Language Selection

English French German Italian Portuguese Spanish

M$ denies its antispyware favors Claria

Filed under
Microsoft

The beta version of Microsoft AntiSpyware previously recommended that users quarantine several products from Claria, but this changed last week.

According to a statement published by Microsoft, the downgrade in threat level merely represents an effort to be "fair and consistent with how Windows AntiSpyware (Beta) handles similar software from other vendors."

The news comes at a sensitive time, as Microsoft is reportedly in acquisition talks with Claria.

The statement notes that Claria, previously known as Gator, asked Microsoft in January to review AntiSpyware's classification of its products. Redmond apparently decided that continued detection was still appropriate--but that it would give users the choice whether or not to remove Claria software. This was a change from the previous policy in which AntiSpyware recommended users remove Claria products.

"All software is reviewed under the same objective criteria, detection policies, and analysis process," Microsoft said. "Absolutely no exceptions were made for Claria.

"Windows AntiSpyware (Beta) continues to notify our users when Claria software is found on a computer, and it offers our users the option to remove the software if they desire...We firmly believe that people should have complete control over what runs on their computers."

By Renai LeMay
CNET News.com

More in Tux Machines

Linux 4.7 RC5

  • Linux 4.7-rc5 Kernel Released
    The fifth weekly test release to the Linux 4.7 kernel is now available for testing. As of writing this article, Linus Torvalds has yet to send out an official 4.7-rc5 announcement but it's available for those interested in the latest installment of the kernel that's codenamed the Psychotic Stoned Sheep.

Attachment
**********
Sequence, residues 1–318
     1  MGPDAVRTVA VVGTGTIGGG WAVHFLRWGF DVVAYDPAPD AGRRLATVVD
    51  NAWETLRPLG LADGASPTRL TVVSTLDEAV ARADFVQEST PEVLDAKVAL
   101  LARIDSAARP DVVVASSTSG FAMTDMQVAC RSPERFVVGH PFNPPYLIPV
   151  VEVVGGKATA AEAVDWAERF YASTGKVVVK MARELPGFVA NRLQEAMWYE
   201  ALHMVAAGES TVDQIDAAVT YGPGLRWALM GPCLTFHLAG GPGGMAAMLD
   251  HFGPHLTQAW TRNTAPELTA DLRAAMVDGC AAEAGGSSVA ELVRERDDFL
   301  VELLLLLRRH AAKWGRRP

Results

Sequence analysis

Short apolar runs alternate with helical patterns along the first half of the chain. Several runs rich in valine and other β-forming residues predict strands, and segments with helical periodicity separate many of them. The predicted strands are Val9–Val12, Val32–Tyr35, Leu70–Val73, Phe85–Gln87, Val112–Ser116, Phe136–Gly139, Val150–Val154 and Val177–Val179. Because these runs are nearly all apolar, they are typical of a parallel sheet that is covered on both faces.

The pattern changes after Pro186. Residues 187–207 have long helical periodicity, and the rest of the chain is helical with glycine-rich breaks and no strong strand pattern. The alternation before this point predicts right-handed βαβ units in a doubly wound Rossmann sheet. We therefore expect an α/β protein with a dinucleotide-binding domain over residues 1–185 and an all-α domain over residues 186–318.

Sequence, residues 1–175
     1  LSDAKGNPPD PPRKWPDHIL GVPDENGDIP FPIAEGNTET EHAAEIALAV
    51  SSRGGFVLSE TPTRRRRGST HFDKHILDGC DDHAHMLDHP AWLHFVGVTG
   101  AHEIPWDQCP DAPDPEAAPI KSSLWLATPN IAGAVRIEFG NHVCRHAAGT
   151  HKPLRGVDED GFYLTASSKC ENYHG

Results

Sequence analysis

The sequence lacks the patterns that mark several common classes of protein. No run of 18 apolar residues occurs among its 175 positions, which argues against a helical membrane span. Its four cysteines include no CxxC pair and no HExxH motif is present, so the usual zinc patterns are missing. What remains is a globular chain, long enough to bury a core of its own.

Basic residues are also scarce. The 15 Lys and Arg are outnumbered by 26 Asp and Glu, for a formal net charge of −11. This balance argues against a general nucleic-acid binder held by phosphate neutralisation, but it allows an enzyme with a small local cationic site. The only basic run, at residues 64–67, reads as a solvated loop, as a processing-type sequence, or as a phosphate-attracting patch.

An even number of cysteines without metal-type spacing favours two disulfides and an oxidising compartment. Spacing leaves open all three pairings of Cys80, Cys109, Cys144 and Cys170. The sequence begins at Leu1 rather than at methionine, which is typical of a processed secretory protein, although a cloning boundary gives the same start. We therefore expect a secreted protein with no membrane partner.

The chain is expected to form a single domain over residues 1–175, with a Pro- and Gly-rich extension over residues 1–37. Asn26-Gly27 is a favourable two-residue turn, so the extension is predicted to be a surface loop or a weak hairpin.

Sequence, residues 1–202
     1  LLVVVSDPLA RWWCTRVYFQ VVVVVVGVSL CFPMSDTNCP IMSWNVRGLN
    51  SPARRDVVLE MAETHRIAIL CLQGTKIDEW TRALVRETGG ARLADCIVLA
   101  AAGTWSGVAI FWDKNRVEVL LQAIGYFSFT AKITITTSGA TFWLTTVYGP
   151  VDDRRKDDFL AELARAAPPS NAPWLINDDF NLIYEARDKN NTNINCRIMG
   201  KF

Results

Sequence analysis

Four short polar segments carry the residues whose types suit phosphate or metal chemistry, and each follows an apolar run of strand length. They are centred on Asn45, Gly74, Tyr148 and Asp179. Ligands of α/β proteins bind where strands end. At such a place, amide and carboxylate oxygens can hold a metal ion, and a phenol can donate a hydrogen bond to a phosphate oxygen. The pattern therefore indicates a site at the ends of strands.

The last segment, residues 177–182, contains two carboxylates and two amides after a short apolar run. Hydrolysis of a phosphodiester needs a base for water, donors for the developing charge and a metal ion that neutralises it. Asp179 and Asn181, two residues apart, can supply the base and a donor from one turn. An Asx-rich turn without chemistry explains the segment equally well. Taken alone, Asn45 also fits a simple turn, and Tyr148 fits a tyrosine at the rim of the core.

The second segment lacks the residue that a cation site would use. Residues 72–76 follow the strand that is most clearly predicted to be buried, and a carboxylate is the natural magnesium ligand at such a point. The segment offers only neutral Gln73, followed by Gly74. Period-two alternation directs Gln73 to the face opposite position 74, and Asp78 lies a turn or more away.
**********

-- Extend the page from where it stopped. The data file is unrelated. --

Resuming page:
• Linus Torvalds Announces Linux Kernel 4.7 RC5, Things Are Calming Down
    Another Sunday, another Release Candidate build of the upcoming Linux 4.7 kernel is out for testing, as announced by Linus Torvalds himself a few hours ago, June 26, 2016.
  • Linux 4.7-rc5
    Another week, another -rc. Hmm. I think things are calming down, although with almost two thirds of the commits coming in since Friday morning, it doesn't feel that way - my Fridays end up feeling very busy. But looking at the numbers, we're pretty much where we normally are at this time of the rc series. The stats looks fairly normal: about half the patch is drivers, roughly a quarter is architecture updates, and the remainder is "misc": filesystems, scheduler, mm, etc. The bulk of the drivers is GPU updates, but there's a smattering of rdma, hwmon, Xen, gpio, sound. The architecture side is powerpc, x86, some arm64, and some noise all over from some MM cleanups.. Go out and test. By -rc5, we really should be starting to be getting fairly ready. And please, if Thorsten Leemhuis is tracking one of your regressions, can you make sure to double-check it and see if it remains? It's lovely to have a regression tracker again, but it would also be really good to make sure that the ones that are solved get closed. Linus

Android Leftovers

The Internet Without Connection, Free Endless OS For Emerging Markets

There are four billion people on the planet without PCs or access to affordable personal computers. That figure should surely be tempered with some contextualization i.e. not everybody actually wants to have an Internet connection and many traditional, native or bucolic ways of live do still exist on the planet. Regardless, there are a batch of global initiatives in existence which seek to give computer access to every man, woman and especially child. Endless OS is one such project. The free operating system has been designed explicitly to work in the expensive or restrictive Internet data conditions that often exist in emerging markets where fabulously affordable broadband has yet to arrive. The software itself is built to provide useful information and educational content, with or without an Internet connection. Read more